A Transformational Memoir

By Sharell Cook

Henna for the Broken Hearted

Wondering exactly how I went from an unremarkable life as an accountant in Australia, to adventurous life as a writer in India? The answers are in this book.

At the age of 30, when I was at the stage where I’d just started to feel like I was getting on top of life, life turned the tables on me. I was facing a divorce that I didn’t want and all that I was left with was a career that I’d never found fulfilling.

But life offers choices. As the saying goes, we can become bitter or we can become better. I decided to pick myself up from the mess my life was in and reinvent it the way I wanted it to be, instead of trying to recapture what it had been.

This is my story of how I did it. It’s totally upfront, honest, sometimes confused, sometimes funny, and sometimes sad. I hope you’ll read and enjoy it. You can also read about my experience of writing a book here.

From the Publisher

“How far would you go to change your life?

Sharell is 30 years old and living a privileged life in Melbourne’s wealthy suburbs. She has it all: the childhood-sweetheart husband, the high-powered job and plenty of cash to splash.

And it’s not destined to last. In a dramatic turn of events, Sharell’s marriage breaks down and her perfect life falls apart. Sharell opts for a complete change of scene, travelling to India to do volunteer work.

But reinventing herself is not as easy as it sounds, especially in the chaos and confrontation of India. Just as she is beginning to wonder whether she’ll ever find her way, she meets a man. And so begins Sharell’s transformation.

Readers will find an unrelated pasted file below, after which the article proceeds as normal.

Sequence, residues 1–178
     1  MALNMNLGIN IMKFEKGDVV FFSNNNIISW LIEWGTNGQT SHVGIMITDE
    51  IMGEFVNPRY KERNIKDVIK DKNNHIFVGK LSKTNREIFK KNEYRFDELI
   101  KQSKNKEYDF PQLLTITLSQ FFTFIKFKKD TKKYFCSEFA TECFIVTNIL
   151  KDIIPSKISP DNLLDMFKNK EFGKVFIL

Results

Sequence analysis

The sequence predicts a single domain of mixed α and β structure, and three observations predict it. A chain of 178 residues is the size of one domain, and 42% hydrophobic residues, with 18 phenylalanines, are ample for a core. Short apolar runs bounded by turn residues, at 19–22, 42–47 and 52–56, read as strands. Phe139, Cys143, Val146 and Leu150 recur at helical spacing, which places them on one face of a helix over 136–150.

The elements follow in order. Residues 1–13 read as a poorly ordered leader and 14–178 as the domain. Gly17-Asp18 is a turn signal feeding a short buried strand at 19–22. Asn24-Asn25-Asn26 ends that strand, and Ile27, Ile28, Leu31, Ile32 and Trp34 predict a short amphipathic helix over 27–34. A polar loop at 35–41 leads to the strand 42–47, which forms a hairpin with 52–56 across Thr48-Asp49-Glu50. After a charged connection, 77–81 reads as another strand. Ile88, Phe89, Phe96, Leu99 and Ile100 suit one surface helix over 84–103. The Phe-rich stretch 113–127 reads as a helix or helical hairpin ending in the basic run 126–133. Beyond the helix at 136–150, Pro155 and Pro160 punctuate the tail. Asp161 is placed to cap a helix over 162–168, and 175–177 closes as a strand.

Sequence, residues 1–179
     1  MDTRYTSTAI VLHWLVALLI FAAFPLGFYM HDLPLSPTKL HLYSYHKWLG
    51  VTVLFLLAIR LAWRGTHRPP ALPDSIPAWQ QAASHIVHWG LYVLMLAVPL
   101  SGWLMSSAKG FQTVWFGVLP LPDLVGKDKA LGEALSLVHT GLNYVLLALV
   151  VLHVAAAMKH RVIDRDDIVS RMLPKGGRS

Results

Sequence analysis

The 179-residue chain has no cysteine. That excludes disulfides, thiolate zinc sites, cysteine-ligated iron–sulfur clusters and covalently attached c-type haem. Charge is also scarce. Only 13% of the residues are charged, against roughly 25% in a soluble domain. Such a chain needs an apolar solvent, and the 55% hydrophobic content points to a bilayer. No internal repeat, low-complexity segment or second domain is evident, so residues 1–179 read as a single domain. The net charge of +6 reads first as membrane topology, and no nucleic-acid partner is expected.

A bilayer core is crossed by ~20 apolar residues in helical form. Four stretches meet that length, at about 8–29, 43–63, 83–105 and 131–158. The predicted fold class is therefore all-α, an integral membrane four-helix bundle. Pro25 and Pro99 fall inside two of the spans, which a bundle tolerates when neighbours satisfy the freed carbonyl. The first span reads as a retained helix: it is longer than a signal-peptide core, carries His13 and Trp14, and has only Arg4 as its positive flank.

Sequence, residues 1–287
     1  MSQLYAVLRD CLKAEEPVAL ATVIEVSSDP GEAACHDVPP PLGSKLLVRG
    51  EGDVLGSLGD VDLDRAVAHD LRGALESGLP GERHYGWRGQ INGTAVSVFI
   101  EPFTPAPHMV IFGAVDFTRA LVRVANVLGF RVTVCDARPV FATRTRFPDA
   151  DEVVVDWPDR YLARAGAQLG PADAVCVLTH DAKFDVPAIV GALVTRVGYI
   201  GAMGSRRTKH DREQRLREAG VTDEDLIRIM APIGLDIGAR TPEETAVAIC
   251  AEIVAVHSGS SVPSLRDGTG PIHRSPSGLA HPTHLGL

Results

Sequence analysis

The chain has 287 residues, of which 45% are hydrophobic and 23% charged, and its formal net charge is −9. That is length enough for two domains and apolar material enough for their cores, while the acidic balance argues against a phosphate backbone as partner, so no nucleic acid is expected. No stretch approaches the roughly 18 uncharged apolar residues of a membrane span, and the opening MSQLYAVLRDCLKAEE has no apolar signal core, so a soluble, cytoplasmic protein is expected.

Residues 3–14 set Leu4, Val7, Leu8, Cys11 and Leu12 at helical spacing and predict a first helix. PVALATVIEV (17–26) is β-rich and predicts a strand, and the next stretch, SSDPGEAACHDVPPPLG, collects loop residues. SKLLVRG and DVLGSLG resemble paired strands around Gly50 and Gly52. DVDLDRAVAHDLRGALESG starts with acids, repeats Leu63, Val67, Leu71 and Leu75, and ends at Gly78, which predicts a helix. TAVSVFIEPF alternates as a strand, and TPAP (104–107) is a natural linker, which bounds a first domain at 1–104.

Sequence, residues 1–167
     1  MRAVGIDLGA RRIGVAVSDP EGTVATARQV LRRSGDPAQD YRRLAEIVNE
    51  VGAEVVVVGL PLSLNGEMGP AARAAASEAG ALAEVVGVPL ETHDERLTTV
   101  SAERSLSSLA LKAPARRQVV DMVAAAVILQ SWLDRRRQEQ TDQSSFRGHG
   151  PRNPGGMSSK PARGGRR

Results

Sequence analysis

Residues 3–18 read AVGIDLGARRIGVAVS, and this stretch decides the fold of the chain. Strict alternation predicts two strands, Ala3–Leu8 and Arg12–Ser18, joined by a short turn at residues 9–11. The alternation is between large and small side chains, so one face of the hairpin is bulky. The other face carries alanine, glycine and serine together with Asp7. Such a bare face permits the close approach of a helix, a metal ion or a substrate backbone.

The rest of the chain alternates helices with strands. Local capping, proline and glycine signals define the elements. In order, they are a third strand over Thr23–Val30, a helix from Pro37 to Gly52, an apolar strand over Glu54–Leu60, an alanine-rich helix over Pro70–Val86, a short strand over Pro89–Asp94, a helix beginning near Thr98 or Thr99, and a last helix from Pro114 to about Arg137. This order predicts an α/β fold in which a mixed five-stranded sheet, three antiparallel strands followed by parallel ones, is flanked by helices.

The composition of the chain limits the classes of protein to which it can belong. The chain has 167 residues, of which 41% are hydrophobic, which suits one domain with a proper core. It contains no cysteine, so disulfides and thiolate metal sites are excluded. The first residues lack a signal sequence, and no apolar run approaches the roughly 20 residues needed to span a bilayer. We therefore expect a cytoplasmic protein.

Set in the Himalayan hills of Manali, the beaches of Kerala and the madness of Mumbai, Sharell’s is the real story of what falling in love with an Indian, and India itself, really entails.

Sharell was born and brought up in country Victoria, Australia. After gaining a Bachelor of Business she moved to Melbourne, where she worked for ten years in the accounting and finance sector of the Victorian government. Then, India called.”

What Readers are Saying


Blogger / Double Expat

"What makes her story special is the way she writes it. It’s a sensitive and nuanced depiction, which neither glorifies the good nor mocks the bad. In fact, any woman who has ever relocated to another country can see a reflection of herself in Sharell’s stories."


Blogger / The Australian Bookshelf

"What I loved about Sharell’s story is the balance between open-mindedness to experiencing the new and an introspective account that is realistic and shows her flaws. As a psychologist, I was drawn to her insightfulness and her growing sense of awareness and sense of self."


Blogger / Jdanspsa Wyksui

"Sharell tells it exactly like it happened, warts and all, and she does so in a way that illuminates the deeper truths behind her experiences – truths many of us will be able to relate to. In her honesty, Sharell transcends simply narrating her own experience and speaks to all of us."


Reviewer / Amazon

"Being Indian, I loved the description of India which I thought was very different from the very cliched manner in which most non-Indians portray India. I am amazed at Sharell’s will power and love for her husband and her very positive attitude to life. The book is a very well written, honest account of her experience and it teaches all of us one thing. Have the courage to go out of your comfort zone and have the courage to change your life to achieve what you want."


Reviewer / Amazon

"When she talks about her frustrations with India and its people there is also such insight there, and when you consider she is not Indian it gives you a bit of a head spin. Having visited India myself I found her descriptions hilarious but was amazed at how well she coped. The whole idea makes my mind boggle. I stayed up and read the whole book in one night - I had to know what happened at the end!"

V. Patel

Reviewer / Amazon

"One of the best books I've read in a while. This book can be a good guide for people who have never visited India and also who are dating an Indian person."

Henna for the Broken Hearted

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